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Monday, July 15, 2013

Racing Raindrops


My paternal grandmother was named Ellen Irene but everyone I knew called her Nell. She was small and birdlike,only about 5' tall and with a fine frame, it was hard to imagine her bearing four children. 
I have many memories, snippets of stories and shared learning but if I had to use one word to describe her it would be "Victorian". She was not at all like cuddly, comfortable Nanny (my maternal grandmother) but rather formal and of high expectations and moral fibre, but I loved her just the same.

When I was little and complaining of being bored on a wet miserable day she told me she and her brother would watch the raindrops on the window and "race" against each other. They would have competitions to see whose raindrop would reach the bottom first. I found it hard to believe because it requires a certain type of rainy day and window aspect to achieve a good race which eluded me for a long time. Once I came close on a car trip.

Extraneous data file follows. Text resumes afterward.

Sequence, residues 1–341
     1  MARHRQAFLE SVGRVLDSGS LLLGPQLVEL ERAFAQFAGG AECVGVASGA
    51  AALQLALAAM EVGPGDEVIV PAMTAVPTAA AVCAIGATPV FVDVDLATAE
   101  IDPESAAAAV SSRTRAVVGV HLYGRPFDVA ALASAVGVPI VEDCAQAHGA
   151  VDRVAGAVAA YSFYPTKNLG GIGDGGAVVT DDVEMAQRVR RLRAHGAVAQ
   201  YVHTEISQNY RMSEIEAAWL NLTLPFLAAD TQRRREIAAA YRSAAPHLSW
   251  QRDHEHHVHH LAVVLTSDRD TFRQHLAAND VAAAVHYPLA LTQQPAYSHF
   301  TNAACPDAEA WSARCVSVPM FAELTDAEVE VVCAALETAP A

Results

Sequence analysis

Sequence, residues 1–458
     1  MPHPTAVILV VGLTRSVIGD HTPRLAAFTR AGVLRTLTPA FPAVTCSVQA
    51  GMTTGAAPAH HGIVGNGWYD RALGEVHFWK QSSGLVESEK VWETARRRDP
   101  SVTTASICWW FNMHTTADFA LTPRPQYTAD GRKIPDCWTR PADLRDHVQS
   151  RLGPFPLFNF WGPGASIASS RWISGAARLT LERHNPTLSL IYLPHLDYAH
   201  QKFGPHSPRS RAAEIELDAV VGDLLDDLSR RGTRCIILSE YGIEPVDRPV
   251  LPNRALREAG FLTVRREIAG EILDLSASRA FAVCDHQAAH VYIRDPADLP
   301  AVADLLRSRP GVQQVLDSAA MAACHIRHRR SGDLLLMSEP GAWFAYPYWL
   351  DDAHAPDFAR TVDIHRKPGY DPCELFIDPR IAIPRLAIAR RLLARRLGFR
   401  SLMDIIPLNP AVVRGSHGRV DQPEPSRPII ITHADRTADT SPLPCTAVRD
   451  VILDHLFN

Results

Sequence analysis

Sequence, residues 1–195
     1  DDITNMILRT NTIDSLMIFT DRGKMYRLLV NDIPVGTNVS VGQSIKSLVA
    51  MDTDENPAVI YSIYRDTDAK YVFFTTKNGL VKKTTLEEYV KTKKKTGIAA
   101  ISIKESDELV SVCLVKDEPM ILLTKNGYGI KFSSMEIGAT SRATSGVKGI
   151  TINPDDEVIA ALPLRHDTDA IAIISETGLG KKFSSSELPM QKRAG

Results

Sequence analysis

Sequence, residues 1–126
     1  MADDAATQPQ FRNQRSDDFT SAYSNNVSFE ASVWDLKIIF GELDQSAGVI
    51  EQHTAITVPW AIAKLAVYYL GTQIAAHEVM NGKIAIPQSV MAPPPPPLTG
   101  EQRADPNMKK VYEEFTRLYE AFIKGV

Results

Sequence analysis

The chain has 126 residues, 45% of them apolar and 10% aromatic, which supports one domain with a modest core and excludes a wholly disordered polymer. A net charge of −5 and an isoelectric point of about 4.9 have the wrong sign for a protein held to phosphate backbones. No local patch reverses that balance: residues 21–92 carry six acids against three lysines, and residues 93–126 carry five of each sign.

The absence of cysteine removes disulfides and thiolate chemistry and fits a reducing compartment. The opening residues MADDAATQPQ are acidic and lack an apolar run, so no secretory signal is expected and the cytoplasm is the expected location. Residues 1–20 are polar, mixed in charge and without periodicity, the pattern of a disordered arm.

A.A. Milne also wrote a poem about racing raindrops in his poem called "Waiting At The Window" from his book of poetry "Now We Are Six" first published in 1927 and wonderfully illustrated by E.H. Shepard. Presumably children were doing it well before then, I wonder do they do it now? 

I once contrived to race drops on the side of the bath by gently running water from my cupped palm, watching as rivulets ran into each other and trickled away adding to other drops making them full and heavy and in turn running down to join the bath water.

It is meditative and calming to become lost in the small world of water drops. Even now I gaze at droplet covered windows looking for my mark.
Wet wintry July days....
Rainy days remind me of Nell...





4 comments:

  1. Lovely post Tanya. I remember this poem from primary school, back then we had to learn poems as a class and recite them.

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  2. Such a simple pleasure and fun. My girls have enjoyed that game in the car while waiting for the lights to change. I didn't even prompt them, I just heard " mine's winning, no it's not, mine is".

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  3. What wonderful memories of your grandmother.

    That book is somewhere on my bookshelf, and I have enjoyed the illustrations and poems.

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